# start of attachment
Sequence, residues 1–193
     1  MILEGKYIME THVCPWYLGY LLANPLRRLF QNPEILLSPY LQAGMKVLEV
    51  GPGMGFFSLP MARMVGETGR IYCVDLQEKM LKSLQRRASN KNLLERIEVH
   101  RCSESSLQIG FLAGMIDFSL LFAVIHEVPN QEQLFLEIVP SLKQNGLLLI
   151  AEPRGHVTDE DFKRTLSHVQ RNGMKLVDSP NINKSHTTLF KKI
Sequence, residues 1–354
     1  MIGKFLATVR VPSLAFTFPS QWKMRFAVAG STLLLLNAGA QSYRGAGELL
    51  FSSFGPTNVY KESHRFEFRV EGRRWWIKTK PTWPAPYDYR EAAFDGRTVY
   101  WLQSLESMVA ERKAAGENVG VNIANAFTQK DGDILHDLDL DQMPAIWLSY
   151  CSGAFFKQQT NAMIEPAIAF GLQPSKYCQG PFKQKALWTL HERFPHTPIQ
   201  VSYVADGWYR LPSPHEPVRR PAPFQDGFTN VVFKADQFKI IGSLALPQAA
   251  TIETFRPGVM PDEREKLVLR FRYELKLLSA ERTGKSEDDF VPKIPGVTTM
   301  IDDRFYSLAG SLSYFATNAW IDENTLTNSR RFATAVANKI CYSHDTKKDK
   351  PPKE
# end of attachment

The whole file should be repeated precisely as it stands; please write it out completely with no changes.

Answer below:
Sequence, residues 1–193
     1  MILEGKYIME THVCPWYLGY LLANPLRRLF QNPEILLSPY LQAGMKVLEV
    51  GPGMGFFSLP MARMVGETGR IYCVDLQEKM LKSLQRRASN KNLLERIEVH
   101  RCSESSLQIG FLAGMIDFSL LFAVIHEVPN QEQLFLEIVP SLKQNGLLLI
   151  AEPRGHVTDE DFKRTLSHVQ RNGMKLVDSP NINKSHTTLF KKI
Sequence, residues 1–354
     1  MIGKFLATVR VPSLAFTFPS QWKMRFAVAG STLLLLNAGA QSYRGAGELL
    51  FSSFGPTNVY KESHRFEFRV EGRRWWIKTK PTWPAPYDYR EAAFDGRTVY
   101  WLQSLESMVA ERKAAGENVG VNIANAFTQK DGDILHDLDL DQMPAIWLSY
   151  CSGAFFKQQT NAMIEPAIAF GLQPSKYCQG PFKQKALWTL HERFPHTPIQ
   201  VSYVADGWYR LPSPHEPVRR PAPFQDGFTN VVFKADQFKI IGSLALPQAA
   251  TIETFRPGVM PDEREKLVLR FRYELKLLSA ERTGKSEDDF VPKIPGVTTM
   301  IDDRFYSLAG SLSYFATNAW IDENTLTNSR RFATAVANKI CYSHDTKKDK
   351  PPKE